Sumita Chakraborty, PhD

Visiting Assistant Professor


Office: Candler Library, Suite 128


Additional Contact Information

Mailing Address:

Emory University

Candler Library
550 Asbury Circle

Atlanta, GA 30322


Sumita Chakraborty is Visiting Assistant Professor in the Department of Women’s, Gender, and Sexuality Studies at Emory University. She is also a Lecturer in the Department of English and Creative Writing. She received her PhD in English with a certificate in Women’s, Gender, and Sexuality Studies from Emory in 2018. Her fields of interest include poetry and poetics; transatlantic literatures of the long twentieth century; feminist and queer theory; ethics; and the intersections and fissures between critical race theory, gender studies, and ecology studies. Also a poet, she was awarded a Ruth Lilly and Dorothy Sargent Rosenberg Fellowship from the Poetry Foundation in 2017 and, in 2018, has been shortlisted for a Forward Prize for Best Single Poem from the Forward Arts Foundation in the UK. She is working on her first scholarly book project, provisionally titled The Poetics of Ethics in the AnthropoceneThe Poetics of Ethics in the Anthropocene argues that the term “Anthropocene” can be best understood as a critical framework for the acts of racialized, gendered, and colonial violence from which our contemporary ecological crises began—and that the rhetoric of lyric poetry offers surprising resources for conceptualizing an ethics robustly equipped to grapple with the epoch’s demands. She is also poetry editor of AGNI Magazine and art editor of At Length. Her poems, public-facing criticism, and scholarship have appeared or are forthcoming in POETRYBoston ReviewThe American Poetry ReviewThe Rumpus, the Los Angeles Review of BooksCultural Critique, and elsewhere. Her first collection of poetry, Arrow, is forthcoming from Alice James Books in the U.S. and Carcanet Press in the U.K. in September 2020. Find more information regarding her work on her website,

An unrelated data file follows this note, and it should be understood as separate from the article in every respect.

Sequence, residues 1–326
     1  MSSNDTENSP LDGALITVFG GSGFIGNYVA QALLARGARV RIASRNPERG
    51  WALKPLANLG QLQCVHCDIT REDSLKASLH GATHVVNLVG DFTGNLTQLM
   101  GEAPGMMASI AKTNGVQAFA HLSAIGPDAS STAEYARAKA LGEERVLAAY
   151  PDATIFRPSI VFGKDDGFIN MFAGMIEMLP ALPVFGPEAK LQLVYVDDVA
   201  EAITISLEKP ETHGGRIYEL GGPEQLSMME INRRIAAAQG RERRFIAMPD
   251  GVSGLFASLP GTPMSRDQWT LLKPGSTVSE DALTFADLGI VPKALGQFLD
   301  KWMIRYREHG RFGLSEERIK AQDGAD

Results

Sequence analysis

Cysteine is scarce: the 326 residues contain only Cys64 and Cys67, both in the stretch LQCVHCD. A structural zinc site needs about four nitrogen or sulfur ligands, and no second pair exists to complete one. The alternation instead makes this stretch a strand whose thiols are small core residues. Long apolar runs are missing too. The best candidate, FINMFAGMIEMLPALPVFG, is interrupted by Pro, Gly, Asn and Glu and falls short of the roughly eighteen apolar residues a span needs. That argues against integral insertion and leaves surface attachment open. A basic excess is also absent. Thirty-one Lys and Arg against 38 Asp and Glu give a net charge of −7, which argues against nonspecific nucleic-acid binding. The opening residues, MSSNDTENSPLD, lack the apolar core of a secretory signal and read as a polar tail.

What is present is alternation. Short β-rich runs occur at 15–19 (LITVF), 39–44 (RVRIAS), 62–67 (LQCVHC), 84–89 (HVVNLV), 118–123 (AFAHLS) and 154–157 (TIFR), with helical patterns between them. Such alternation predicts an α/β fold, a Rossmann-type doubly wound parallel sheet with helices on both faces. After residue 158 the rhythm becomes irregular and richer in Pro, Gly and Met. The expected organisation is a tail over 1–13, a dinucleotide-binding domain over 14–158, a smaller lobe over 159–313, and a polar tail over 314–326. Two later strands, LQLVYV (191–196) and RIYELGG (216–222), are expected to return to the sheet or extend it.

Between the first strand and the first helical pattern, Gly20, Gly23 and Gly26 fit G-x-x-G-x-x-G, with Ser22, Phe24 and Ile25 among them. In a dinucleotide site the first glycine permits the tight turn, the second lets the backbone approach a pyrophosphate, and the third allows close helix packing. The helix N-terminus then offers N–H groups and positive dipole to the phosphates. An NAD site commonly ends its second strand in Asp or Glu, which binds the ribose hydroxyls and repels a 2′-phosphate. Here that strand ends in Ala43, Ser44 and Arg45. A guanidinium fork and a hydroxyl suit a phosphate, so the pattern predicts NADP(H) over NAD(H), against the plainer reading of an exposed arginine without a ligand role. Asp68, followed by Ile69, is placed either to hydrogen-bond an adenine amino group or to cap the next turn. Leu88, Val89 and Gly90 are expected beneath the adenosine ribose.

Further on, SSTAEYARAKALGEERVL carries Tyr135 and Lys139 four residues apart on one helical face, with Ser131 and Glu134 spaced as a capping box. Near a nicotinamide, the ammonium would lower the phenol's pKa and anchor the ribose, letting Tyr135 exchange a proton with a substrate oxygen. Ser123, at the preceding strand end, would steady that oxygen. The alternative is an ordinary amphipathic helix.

Poetry and poetics; twentieth- and twenty-first century transatlantic literature; creative writing,
including craft, editing, and publishing; critical theory, the intersections between gender studies,
critical race studies, and ecology studies; feminist and queer theory; ethics